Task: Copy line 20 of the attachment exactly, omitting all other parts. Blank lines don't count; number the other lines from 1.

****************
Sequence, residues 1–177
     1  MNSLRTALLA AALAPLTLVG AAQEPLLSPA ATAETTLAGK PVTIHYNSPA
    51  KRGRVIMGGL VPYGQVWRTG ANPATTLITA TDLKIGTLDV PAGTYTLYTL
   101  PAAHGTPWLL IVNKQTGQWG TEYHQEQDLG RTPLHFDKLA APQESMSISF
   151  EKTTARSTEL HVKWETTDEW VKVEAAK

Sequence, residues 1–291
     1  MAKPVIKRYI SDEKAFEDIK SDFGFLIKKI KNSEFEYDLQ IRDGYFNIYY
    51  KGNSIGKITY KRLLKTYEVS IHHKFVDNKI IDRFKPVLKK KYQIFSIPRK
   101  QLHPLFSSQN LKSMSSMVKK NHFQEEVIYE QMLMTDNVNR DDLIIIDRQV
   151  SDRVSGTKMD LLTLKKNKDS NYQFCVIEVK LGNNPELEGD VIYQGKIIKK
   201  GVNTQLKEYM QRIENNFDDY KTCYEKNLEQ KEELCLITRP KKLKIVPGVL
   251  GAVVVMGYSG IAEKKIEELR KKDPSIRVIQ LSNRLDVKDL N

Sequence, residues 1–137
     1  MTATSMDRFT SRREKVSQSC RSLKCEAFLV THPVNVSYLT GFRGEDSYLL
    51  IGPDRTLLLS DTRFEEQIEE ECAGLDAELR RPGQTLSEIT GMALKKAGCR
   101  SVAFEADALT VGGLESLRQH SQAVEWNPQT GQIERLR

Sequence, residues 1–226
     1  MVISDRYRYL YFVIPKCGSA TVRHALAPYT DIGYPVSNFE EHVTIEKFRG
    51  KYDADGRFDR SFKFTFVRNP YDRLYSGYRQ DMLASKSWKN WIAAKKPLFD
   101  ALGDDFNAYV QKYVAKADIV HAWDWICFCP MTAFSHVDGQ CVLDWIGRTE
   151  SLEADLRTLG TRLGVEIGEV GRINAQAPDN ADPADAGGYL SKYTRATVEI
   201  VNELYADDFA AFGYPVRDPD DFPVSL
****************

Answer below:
   101  ALGDDFNAYV QKYVAKADIV HAWDWICFCP MTAFSHVDGQ CVLDWIGRTE